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More than one billion people in India welcomed the first ever discovery of lithium deposits in the country last month.
The news arrived from Salal, a remote village in the Reasi district on the Indian side of Jammu and Kashmir.
Around 5.9 million tonnes of this soft white metal were found on 9 February, following deep drilling by the Geological Survey of India (GSI) in the area. It is a core component in batteries, which the electrification of the world depends heavily on.
“The presence of the lithium in the area was known to us since 1999,” a government official, who wishes to remain anonymous, tells Euronews Green.
Two geologists had suggested exploring the bauxite rock to assess the quality of the lithium deposits, the official says. But there wasn’t enough demand to make this economically viable.
The boom in electric cars – spearheaded by Elon Musk’s success with Tesla – changed everything, sending the demand for lithium skywards.
Lithium found in India is technically in the ‘inferred’ category – meaning further tests are needed to check its quality. But the official claims that “salal lithium is almost three times better than normal grade lithium.”
If the country’s hopes are realised, it stands to hold the fifth-largest lithium reserves in the world.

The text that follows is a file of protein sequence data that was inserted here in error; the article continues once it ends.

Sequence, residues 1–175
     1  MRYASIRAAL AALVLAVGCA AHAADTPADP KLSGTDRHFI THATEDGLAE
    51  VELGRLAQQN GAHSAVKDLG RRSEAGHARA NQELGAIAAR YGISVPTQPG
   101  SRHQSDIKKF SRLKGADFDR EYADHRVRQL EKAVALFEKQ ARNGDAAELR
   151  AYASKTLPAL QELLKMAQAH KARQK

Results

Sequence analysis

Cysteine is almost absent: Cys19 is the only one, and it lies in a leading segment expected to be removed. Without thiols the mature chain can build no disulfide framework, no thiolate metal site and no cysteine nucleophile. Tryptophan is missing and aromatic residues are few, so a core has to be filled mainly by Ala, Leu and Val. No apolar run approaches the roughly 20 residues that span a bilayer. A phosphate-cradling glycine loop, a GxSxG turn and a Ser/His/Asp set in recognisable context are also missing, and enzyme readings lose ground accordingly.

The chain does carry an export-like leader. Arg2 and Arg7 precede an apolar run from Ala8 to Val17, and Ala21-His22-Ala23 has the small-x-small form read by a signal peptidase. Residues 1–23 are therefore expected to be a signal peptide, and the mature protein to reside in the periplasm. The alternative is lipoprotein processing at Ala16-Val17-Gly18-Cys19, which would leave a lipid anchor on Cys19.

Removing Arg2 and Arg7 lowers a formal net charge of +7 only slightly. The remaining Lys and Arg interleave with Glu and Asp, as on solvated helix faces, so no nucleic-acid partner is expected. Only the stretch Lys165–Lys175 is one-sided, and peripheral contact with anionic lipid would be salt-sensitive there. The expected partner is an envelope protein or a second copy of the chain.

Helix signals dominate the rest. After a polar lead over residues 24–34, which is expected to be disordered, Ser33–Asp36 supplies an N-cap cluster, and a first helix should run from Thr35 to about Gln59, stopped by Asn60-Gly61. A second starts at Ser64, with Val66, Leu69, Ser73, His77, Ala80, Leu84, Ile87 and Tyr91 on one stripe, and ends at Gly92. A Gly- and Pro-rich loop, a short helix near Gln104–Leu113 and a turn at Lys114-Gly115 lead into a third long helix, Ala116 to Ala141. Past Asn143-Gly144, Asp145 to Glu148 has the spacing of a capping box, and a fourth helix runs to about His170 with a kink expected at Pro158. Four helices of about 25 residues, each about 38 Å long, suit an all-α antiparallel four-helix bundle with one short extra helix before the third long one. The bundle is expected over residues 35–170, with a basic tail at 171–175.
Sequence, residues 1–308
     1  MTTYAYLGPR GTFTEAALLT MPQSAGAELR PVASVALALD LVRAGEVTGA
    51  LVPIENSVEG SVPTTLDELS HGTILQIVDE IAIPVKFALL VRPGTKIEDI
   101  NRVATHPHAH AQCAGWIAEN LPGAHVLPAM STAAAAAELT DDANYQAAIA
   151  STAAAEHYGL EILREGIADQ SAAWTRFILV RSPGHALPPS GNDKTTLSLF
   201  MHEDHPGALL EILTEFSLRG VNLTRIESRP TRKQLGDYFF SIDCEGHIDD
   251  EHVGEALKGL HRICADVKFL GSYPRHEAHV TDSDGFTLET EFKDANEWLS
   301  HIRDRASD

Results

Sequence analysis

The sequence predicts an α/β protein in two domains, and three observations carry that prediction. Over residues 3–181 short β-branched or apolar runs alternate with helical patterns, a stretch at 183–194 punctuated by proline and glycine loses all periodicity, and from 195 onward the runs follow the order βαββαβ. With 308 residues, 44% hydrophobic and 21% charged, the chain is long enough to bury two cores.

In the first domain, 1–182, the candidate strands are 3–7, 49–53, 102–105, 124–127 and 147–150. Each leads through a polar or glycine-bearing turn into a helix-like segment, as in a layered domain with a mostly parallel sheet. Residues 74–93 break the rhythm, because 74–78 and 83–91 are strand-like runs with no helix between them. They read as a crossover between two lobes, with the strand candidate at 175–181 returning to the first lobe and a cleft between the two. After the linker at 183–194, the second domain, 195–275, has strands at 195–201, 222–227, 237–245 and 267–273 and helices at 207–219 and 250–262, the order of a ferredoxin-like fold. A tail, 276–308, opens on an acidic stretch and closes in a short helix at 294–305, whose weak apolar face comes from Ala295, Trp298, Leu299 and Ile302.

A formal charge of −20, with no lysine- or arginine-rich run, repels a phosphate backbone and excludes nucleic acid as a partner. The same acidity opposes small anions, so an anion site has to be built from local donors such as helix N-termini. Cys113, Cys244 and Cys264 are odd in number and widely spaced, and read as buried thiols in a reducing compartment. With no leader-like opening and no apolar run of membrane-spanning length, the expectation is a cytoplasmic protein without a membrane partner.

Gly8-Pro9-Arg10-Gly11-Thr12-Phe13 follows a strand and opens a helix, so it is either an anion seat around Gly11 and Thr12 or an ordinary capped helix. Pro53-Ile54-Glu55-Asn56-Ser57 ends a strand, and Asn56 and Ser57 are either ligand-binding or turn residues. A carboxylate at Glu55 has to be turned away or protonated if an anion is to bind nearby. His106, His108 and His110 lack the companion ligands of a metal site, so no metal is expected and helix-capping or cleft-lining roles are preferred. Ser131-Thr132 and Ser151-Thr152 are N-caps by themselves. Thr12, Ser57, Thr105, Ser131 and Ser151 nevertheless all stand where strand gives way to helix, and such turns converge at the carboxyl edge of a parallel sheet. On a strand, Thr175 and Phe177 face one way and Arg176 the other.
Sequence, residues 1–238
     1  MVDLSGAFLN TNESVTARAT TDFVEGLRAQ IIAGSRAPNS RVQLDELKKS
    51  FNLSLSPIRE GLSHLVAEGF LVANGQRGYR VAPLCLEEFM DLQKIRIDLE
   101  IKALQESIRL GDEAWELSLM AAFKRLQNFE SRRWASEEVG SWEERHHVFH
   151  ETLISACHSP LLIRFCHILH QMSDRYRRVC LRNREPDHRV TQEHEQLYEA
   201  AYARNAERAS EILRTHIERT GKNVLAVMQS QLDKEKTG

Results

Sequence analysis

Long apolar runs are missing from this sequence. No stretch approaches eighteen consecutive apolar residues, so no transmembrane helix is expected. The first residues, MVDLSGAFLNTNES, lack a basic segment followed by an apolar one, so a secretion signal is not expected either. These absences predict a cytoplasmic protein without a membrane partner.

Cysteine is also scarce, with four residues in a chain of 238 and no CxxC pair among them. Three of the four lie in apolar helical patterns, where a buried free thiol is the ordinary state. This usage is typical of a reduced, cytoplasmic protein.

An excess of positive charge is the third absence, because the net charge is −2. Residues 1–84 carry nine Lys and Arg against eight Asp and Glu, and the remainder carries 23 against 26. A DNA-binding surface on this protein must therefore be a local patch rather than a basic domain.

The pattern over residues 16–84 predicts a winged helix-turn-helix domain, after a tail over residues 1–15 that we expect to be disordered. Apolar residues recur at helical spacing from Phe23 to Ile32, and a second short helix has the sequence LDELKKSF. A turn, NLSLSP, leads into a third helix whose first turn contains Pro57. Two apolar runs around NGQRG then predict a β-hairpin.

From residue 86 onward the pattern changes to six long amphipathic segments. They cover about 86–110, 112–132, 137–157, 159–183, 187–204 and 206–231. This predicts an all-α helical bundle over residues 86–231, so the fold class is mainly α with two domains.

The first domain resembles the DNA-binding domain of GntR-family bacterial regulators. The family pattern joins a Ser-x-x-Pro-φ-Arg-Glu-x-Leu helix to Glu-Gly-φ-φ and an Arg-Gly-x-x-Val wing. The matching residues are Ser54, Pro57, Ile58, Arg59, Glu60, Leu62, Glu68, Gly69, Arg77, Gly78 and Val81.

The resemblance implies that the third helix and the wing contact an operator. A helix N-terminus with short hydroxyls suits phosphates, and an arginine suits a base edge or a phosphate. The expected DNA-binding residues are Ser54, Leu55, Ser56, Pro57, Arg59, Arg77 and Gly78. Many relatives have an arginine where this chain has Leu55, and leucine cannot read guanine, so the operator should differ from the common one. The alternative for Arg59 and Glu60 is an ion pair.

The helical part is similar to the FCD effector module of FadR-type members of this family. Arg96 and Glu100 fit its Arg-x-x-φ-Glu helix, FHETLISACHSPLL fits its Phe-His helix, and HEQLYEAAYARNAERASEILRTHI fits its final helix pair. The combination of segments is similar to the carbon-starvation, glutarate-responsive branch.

How do locals feel about the lithium discovery?
Krishan Kumar, a local, believes that the discovery of lithium-rich bauxite deposits has come as a mixed blessing for the residents of Salar.
He said that villagers are happy for the country but are sad for themselves because the village has to be relocated in order to mine the bauxite terrain.
“Our days in Salar are limited as the government will start the project to extract lithium soon,” Kumar says.
“We will be served notice sooner or later to evacuate the area. I am sad about losing my home, village and the green fields,” he says, adding that he is confused about whether to celebrate or mourn the discovery.
“I personally don’t want the extraction project to start in the village,” Kumar said.
“I believe fiddling with nature can be dangerous and at some point we will have to bear its consequences.”
Kumar is not the only one worried about losing his home. There are around 10,000 people living in Salal, and many are concerned about their future.
Preetam Singh, Salal village head, says that a lot of villagers are coming to him with their concerns, and questions about the roadmap for relocation.
“People are worried, there is no doubt about that, and they often visit me saying what are they going to do and where shall they be relocated,” Singh says.
“The government should relocate all the villagers to a safer place and provide them [with] compensation five times more than the actual cost of the land,” he says, adding that the extraction of lithium should first benefit the people of Jammu and Kashmir.
India is aiming to become self-sufficient in lithium
Briefing reporters last month, Mines secretary Vivek Bharadwaj said the discovery would be a way for India to become “atmanirbhar”, meaning self-reliant.
It’s a frequent slogan of Modi’s government, and lithium is an understandable target.
India is one of the biggest markets for gadgets such as smartphones, smartwatches, and laptops that run on lithium-ion batteries. To meet this demand, the country imports lithium from countries like China, Australia and Argentina, spending around a billion euros annually.
India is also the fourth largest car manufacturer in the world and is aiming for 30 per cent of private cars to be EVs by 2030.